Bioluminescence Resonance Energy Transfer Assay to Characterize Gi‐Like G Protein Subtype‐Dependent Functional Selectivity

Hideaki Yano1, Marta Sánchez‐Soto1, Sergi Ferré1

1 Integrative Neurobiology Section, National Institute on Drug Abuse, Intramural Research Program, National Institutes of Health, Baltimore, Maryland
Publication Name:  Current Protocols in Neuroscience
Unit Number:  Unit 5.33
DOI:  10.1002/cpns.38
Online Posting Date:  October, 2017
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Abstract

G protein–coupled receptors (GPCRs) comprise the single most targeted protein class in pharmacology. G protein signaling transduces extracellular stimuli such as neurotransmitters into cellular responses. Although preference for a specific GPCR among different G protein families (e.g., Gs‐, Gi‐, or Gq‐like proteins) is often well studied, preference for a specific G protein subtype (e.g., Gi1, Gi2, Gi3, Go1, and Go2) has received little attention. Due to tissue expression differences and potentially exploitable functional differences, G protein subtype‐dependent functional selectivity is an attractive framework to expand GPCR drug development. Herein we present a bioluminescence resonance energy transfer (BRET)‐based method to characterize functional selectivity among Gi‐like protein subtypes. © 2017 by John Wiley & Sons, Inc.

Keywords: GPCR; G protein subtype; BRET; catecholamine; functional selectivity

     
 
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Table of Contents

  • Introduction
  • Basic Protocol 1: G Protein Activation BRET Assay
  • Support Protocol 1: Optimization of Transfection Conditions
  • Reagents and Solutions
  • Commentary
  • Literature Cited
  • Figures
  • Tables
     
 
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Materials

Basic Protocol 1: G Protein Activation BRET Assay

  Materials
  • HEK293T cells (ATCC #CRL‐3216)
  • HEK293T culture medium: supplemented DMEM (see recipe)
  • Non‐supplemented DMEM (e.g., Gibco, cat. no. 11960044)
  • Dulbecco's phosphate‐buffered saline (DBPS; e.g., Gibco, cat. no. 14130144)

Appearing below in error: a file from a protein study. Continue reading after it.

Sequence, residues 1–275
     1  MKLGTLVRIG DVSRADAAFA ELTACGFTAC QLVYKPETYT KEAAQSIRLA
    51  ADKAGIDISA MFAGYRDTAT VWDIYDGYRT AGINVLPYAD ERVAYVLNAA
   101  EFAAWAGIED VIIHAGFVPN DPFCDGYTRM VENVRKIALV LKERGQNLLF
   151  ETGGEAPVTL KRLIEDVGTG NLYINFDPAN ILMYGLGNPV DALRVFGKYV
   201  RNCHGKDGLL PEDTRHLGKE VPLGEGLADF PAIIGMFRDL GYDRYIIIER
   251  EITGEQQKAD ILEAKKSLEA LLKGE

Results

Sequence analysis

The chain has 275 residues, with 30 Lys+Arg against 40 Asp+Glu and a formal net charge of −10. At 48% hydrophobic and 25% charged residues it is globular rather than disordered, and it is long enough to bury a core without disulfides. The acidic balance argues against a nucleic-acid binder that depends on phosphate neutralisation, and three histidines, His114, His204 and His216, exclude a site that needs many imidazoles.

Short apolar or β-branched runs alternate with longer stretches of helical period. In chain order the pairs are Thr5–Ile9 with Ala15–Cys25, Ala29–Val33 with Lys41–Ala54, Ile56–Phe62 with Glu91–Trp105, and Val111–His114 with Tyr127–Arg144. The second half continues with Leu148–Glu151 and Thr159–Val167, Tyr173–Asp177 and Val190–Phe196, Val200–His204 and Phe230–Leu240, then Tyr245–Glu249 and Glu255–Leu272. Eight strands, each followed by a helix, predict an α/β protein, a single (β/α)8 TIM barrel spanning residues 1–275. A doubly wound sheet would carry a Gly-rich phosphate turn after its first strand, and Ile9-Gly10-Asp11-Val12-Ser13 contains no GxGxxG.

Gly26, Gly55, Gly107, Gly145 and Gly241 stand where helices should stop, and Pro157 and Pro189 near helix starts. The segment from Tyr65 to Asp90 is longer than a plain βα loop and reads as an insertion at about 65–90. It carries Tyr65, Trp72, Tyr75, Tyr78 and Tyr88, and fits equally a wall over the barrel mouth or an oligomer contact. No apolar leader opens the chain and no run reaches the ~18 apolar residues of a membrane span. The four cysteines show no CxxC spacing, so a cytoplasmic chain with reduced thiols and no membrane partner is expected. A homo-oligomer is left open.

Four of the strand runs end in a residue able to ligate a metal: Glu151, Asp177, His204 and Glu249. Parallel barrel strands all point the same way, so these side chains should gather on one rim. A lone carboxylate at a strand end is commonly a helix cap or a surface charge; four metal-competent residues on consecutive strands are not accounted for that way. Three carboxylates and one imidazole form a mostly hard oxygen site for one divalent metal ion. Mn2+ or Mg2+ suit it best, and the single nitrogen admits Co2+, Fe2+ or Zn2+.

• Trypsin/EDTA solution (e.g., Gibco, cat. no. 25300054)
  • Mammalian expression plasmids encoding:
    • Unfused receptor of choice (e.g., pcDNA3.1‐α 2A)
    • Donor‐fused Gαi‐like subunit (e.g., pcDNA3.1‐Gαi1‐Rluc8)
    • Unfused Gβ subunit (e.g., pcDNA3.1‐Gβ1)
    • Acceptor‐fused Gγ subunit (e.g., pcDNA3.1‐Gγ2‐Venus)
  • 1 µg/µl polyethylenimine (PEI; see recipe)
  • Agonist and antagonist appropriate for the receptor of interest
  • Dimethyl sulfoxide (DMSO)
  • DPBS BRET buffer (see recipe)
  • 5 mM coelenterazine H (see recipe)
  • 10‐cm tissue culture plates (e.g., USA Scientific, cat. no. CC7682‐3614)
  • 15‐ml conical tubes
  • Centrifuge
  • Hemocytometer
  • Microscope
  • Cell culture incubator, 37°C, 5% CO 2
  • 1.5‐ml microcentrifuge tubes
  • Vortex
  • Compound plate (for agonist): 96‐well clear U‐bottom plates (e.g., Greiner Bio‐One, cat. no. 650101)
  • Compound plate (for antagonist): 96‐well clear V‐bottom plates (e.g., Greiner Bio‐One, cat. no. 651101)
  • BRET assay plate: white 96‐well flat bottom plates (e.g., Greiner Bio‐One, cat. no. 655075)
  • Fluorescence plate: black 96‐well flat bottom plates (e.g., Greiner Bio‐One, cat. no. 655076)
  • Manual repeater pipette (e.g., Eppendorf, cat. no. EPR‐1000R)
  • 12‐channel multichannel pipette, 10 to 100 µl (e.g., USA scientific, cat. no. 7112‐1100) or 30 to 300 µl (e.g., USA scientific, cat. no. 7112‐3300)
  • Table top centrifuge with 96‐well plate adaptor (e.g., Thermo, Sorvall Legend XTR)
  • Pipette basin (USA scientific, cat. no. 2330‐2220)
  • Plate reader for luminescence, fluorescence, and BRET (e.g., Berthold Technologies Mithras LB 940)
  • Software for data analysis (e.g., Microsoft Excel and GraphPad Prism)
NOTE: All mammalian tissue culture must be conducted using aseptic techniques in a laminar flow hood. Cells should be maintained in a humidified incubator at 37°C with 5% CO 2.NOTE: This protocol entails the transfection of five 10‐cm plates with α 2A adrenergic receptor and one of the Gαi/o subtypes for each plate. For analysis of how to compare different receptors and Gαi/o protein subtypes, see Critical Parameters and Troubleshooting.
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Figures

Videos

Literature Cited

Literature Cited
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